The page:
The city of Minneapolis has reached new franchise agreements with Xcel Energy and CenterPoint energy regarding right-of-way and renewable energy. While the current agreements were set to expire at the end of 2014, thus necessitating all parties come to the table, the shape and scope of the agreements were undoubtedly influenced by a major campaign last year by Minneapolis Energy Options. This campaign sought to have the city study whether or not a municipal utility would be a better option than signing another twenty-year agreement with the two utility companies. See here for your Examiner’s coverage of that campaign and its effect on the 2013 municipal elections in Minneapolis.
A “Frequently Asked Questions” document from the City of Minneapolis’ website describes a franchise agreement as:
An agreement between a city and a utility service provider (like electric, gas, and cable companies) that outlines the conditions under which they can use public right of way to serve customers. State law allows cities to impose a franchise fee, which is intended to reimburse the city for the use of public right of way. Those utility franchise fees are typically paid by the company’s consumers as a fee on your monthly bill. A utility franchise agreement is not a contract between the City and utility for service.
The document also states that the city has little control over much more than setting the franchise fees and setting “conditions on the use of the public right-of-way.” The state Public Utilities Commission is the real regulator of utilities in the state, ruling on “the rates utilities charged to customers for services” and “the mix of generation sources used to produce electricity.”
Your Examiner wanted to catch up with the folks who helped ensure that these agreements reflected current energy realities and the need to increase renewables. Your reporter spoke with two current board members of MN Community Power, the group formerly known as Minneapolis Energy Options. Your Examiner did reach out to the City Council Member who has worked on these issues, Cam Gordon of Ward 2, but did not receive a response by publication time (Update: CM Gordon has since reached out to your Examiner – stay tuned for an update regarding his thoughts on this). Minneapolis has passed its own Climate Action Plan, which seeks “to reduce citywide greenhouse gas emissions 15 percent by 2015, 30 percent by 2025, and 80 percent or more by 2050 using 2006 as a baseline.”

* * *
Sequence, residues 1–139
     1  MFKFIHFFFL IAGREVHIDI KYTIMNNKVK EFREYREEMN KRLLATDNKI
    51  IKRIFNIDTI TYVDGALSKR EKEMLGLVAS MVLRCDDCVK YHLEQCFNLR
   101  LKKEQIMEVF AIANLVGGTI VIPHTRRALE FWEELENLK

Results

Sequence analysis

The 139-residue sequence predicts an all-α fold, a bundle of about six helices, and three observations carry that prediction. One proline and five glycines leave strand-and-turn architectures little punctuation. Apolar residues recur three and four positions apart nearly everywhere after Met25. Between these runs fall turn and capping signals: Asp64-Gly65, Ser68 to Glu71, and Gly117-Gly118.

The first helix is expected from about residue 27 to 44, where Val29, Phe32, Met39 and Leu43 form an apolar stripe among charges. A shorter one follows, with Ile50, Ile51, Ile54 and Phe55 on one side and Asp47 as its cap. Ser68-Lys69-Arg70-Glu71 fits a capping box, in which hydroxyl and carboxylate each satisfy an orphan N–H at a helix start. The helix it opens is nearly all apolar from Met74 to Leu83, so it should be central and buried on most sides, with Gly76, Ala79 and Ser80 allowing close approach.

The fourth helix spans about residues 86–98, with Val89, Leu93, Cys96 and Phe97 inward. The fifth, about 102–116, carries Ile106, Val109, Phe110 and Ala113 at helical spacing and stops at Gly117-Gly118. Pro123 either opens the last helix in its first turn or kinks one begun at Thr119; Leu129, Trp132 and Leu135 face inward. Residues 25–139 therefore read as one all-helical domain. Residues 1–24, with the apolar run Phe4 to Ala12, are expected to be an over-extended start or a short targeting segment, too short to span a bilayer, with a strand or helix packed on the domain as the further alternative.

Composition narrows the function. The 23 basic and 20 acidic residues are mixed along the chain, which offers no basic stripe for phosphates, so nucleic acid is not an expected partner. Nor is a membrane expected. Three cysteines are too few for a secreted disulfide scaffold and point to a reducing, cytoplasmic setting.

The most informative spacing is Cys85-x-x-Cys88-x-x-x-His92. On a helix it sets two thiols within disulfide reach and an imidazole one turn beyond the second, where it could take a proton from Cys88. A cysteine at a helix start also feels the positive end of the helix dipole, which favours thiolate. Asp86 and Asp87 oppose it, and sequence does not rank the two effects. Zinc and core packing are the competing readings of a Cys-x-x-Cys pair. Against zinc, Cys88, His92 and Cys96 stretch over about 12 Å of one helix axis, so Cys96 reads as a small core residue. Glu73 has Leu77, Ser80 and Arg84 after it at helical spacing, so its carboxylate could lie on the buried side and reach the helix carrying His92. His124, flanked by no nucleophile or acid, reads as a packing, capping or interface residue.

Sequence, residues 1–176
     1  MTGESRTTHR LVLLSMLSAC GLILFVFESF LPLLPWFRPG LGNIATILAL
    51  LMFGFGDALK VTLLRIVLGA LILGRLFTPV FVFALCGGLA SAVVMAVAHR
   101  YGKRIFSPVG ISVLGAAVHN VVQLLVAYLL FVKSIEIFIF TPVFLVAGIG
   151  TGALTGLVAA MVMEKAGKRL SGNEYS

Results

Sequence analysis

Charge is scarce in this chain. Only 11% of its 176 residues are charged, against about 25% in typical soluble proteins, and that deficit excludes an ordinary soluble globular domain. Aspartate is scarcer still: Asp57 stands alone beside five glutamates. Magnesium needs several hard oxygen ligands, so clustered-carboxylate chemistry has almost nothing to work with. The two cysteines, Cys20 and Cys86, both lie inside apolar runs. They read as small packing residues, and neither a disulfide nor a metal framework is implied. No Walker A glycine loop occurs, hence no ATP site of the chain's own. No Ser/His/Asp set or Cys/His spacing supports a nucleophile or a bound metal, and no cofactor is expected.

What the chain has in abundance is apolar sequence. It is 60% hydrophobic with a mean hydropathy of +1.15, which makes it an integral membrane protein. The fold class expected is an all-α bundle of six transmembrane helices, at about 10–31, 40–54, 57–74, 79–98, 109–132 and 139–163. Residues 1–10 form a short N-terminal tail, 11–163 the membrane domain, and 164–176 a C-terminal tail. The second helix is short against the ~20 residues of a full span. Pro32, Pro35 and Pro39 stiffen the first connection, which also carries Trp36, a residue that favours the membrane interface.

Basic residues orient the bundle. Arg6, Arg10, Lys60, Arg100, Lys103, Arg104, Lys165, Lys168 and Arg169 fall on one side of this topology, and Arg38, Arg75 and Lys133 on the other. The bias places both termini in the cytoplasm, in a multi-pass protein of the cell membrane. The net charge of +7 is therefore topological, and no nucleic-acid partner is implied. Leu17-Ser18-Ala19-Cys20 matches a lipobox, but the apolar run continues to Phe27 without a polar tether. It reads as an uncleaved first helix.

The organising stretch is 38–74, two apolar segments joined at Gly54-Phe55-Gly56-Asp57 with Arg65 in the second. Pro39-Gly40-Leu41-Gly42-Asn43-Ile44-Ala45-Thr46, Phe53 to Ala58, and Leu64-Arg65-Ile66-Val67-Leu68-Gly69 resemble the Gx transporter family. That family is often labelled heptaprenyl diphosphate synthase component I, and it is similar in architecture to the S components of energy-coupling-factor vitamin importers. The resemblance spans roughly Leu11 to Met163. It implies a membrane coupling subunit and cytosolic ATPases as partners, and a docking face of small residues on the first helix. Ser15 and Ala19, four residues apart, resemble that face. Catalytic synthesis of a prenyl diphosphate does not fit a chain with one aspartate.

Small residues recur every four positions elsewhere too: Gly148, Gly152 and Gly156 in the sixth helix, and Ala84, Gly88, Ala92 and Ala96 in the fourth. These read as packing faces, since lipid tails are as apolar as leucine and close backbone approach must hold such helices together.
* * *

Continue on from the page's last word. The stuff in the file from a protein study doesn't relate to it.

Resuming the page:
Timothy DenHerder-Thomas, one of the board members, said in an interview that he considers the new agreements a good step forward. He cited a new energy management board (Energy Vision Advisory Committee), which will be formed by representatives from the city and the utilities to help shape the vision of energy usage going forward. He also spoke of “new reporting requirements” on the utilities, and noted that this agreement exists for only ten years (while the previous one lasted twenty), with an option to terminate after five years if the utilities aren’t living up to their end of the agreement. John Farrell, another board member with MN Community Power, said “we’ve established a terrific framework for giving the community and the city more control over their energy future and a real hope of achieving a more equitable and sustainable energy system.”
Regarding the role of the Energy Vision Advisory Committee, Mr. Farrell said he “expect(s) it to represent all of the key stakeholders in developing an equitable energy economy and to offer a lot of innovative ideas for the partnership, from on-bill financing to community-driven energy efficiency campaigns. It plays a crucial role in holding the city and utilities accountable to their promises.”